Looking for a quick intro to the history of drumming circles? At its heart, a drum circle is any group of people playing hand-drums, together, in a circle. People bring their own instruments or use ones provided at the gathering. They play the finest djembe, cheap bongos or homemade percussion like coffee cans with pebbles inside or food buckets turned upside down. The key word is "together," because drum circles are communities of like-minded people sharing rhythm and playing together. People drum in circles to reduce stress, build community and have fun. It's one of the few group activities that engages the mind, body and spirit.
Drum circles are the oldest form of community-building known to the world. They were around long before Jesus Christ (4,000 years before Jesus, in fact). Back then, in the Neolithic Age, tribes depended on each member doing his part for the betterment of all. So naturally, that concept extended to their music-making and entertainment. Drum circles are the same deal; the music is created by everyone contributing to the whole. Everyone in the community can join in and not only make music but commune with one another without inhibition and with their own self-expression.
The drum circle also offers true equality, without regard to race, color, creed or sexual orientation. In a drum circle, everyone is equal. A six-year-old banging on a tin can is as welcome as the 96-year old woman playing the custom-made conga drum. The rastafarian plays next to the white guy who's sitting beside the Jewish lady from Miami Beach. They're all welcome, no matter their age or skill level.
There are three basic types of drum circles. Community circles are free-form, informal drum circles, usually in a public place like a beach, a park or a community center. Like jazz, the music is improvised through group interaction. No leader. The drummers make up the music as they go along. Participation is voluntary and the drummers welcome drumming, singing, chanting, dancing or listening. A facilitated drum circle is basically a "guided" community drum circle. One person—called a facilitator—helps to focus the intent and improve the quality and effect of the circle, making it easier for everyone to participate. This leader provides a rhythmic ground, supporting and reflecting the others in the group by encouraging and supporting the ideas of the drummers. A conducted drum circle (think: corporate) is where a (paid) leader directs the music. The conductor cues the drummers to raise or lower their volume, accent particular beats and to play or not play. Conducted drum circles are popular with groups who have no experience with music or drumming and when the group is very large (50 to 300+ people).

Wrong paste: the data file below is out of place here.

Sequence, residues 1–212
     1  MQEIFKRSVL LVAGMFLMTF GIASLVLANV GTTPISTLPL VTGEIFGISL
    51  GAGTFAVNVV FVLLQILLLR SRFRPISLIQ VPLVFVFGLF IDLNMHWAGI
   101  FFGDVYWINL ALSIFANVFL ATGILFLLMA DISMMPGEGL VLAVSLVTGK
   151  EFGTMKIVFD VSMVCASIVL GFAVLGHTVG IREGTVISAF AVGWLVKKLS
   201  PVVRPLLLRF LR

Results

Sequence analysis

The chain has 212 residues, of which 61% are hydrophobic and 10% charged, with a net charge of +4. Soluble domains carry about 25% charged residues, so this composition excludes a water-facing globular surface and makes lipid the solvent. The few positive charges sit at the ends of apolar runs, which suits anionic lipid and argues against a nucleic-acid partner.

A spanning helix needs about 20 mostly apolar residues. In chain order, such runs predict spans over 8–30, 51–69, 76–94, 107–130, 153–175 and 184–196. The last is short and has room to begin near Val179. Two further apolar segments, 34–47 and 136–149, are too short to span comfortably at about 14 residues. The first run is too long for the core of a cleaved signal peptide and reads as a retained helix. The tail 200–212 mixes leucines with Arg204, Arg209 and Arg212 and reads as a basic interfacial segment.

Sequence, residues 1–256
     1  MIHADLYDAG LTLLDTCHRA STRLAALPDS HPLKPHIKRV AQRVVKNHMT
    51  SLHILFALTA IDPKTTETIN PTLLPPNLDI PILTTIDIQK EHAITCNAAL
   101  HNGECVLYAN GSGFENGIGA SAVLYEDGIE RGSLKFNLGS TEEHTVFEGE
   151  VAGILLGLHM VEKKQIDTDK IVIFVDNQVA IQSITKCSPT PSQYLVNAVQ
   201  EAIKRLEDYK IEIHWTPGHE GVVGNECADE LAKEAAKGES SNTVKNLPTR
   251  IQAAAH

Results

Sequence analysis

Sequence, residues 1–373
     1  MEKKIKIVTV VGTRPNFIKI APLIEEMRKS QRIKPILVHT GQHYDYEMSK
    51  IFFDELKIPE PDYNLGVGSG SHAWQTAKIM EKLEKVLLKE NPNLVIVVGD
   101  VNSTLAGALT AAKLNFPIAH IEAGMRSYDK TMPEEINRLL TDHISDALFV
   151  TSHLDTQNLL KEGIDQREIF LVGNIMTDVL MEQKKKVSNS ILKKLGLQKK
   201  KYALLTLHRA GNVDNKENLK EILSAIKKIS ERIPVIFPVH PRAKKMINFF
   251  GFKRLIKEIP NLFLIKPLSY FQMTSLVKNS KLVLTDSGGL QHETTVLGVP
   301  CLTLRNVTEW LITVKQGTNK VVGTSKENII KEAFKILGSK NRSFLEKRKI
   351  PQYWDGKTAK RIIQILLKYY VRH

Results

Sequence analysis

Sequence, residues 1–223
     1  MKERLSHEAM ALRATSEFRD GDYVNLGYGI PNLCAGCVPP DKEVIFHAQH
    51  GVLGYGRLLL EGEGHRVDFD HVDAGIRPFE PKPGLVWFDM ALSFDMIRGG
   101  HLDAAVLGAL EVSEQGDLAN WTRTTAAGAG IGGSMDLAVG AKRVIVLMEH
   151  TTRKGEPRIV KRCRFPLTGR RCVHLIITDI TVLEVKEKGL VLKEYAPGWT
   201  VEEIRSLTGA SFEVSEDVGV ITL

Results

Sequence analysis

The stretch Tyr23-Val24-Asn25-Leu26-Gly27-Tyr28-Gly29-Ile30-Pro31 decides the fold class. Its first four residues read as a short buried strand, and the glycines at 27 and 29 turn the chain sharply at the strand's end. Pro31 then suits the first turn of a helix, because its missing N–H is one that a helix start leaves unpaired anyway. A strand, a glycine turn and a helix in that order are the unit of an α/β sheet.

Drum circles are used on a corporate level for team-building, in hospitals to assist healing of chronically ill patient and in parks, beaches and community centers for community building. Like meditation, drumming aids self realization and the development of interdependent relationships. Through group drumming, people are empowered and stimulated through the voices of the instruments.
The main objective of the drum circle is to share rhythm and get in tune with each other. To form a group consciousness. To resonate. To ultimately create a new voice, a collective voice, which emerges from the group as they drum together. In the 1980s, Arthur Hull, father of the modern day drum circle, observed and quantified the fact that, when we drum together, it changes our relationships and helps us cope with life. It tames stress and creates a group version of the so-called "runner's high." Energy swells as drummers share joyful bliss conversing through sound and rhythm. There is a natural high produced by a drum circle that you simply need to experience to believe.
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